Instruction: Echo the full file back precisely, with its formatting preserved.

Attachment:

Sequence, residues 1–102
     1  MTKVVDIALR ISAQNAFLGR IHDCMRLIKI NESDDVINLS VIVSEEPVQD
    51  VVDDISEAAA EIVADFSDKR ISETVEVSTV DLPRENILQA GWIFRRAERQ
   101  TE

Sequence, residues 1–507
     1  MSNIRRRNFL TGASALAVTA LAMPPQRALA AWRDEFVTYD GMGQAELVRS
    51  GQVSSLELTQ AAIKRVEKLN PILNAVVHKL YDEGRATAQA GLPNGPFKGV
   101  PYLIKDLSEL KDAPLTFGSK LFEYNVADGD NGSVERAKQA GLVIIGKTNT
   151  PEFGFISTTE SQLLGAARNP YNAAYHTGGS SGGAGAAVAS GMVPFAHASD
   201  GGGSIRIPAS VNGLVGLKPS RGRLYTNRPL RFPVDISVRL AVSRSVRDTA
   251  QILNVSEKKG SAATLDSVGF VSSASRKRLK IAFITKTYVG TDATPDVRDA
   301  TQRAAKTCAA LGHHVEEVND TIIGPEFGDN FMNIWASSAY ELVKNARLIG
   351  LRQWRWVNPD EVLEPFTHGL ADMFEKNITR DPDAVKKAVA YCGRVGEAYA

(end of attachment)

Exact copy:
Sequence, residues 1–102
     1  MTKVVDIALR ISAQNAFLGR IHDCMRLIKI NESDDVINLS VIVSEEPVQD
    51  VVDDISEAAA EIVADFSDKR ISETVEVSTV DLPRENILQA GWIFRRAERQ
   101  TE

Sequence, residues 1–507
     1  MSNIRRRNFL TGASALAVTA LAMPPQRALA AWRDEFVTYD GMGQAELVRS
    51  GQVSSLELTQ AAIKRVEKLN PILNAVVHKL YDEGRATAQA GLPNGPFKGV
   101  PYLIKDLSEL KDAPLTFGSK LFEYNVADGD NGSVERAKQA GLVIIGKTNT
   151  PEFGFISTTE SQLLGAARNP YNAAYHTGGS SGGAGAAVAS GMVPFAHASD
   201  GGGSIRIPAS VNGLVGLKPS RGRLYTNRPL RFPVDISVRL AVSRSVRDTA
   251  QILNVSEKKG SAATLDSVGF VSSASRKRLK IAFITKTYVG TDATPDVRDA
   301  TQRAAKTCAA LGHHVEEVND TIIGPEFGDN FMNIWASSAY ELVKNARLIG
   351  LRQWRWVNPD EVLEPFTHGL ADMFEKNITR DPDAVKKAVA YCGRVGEAYA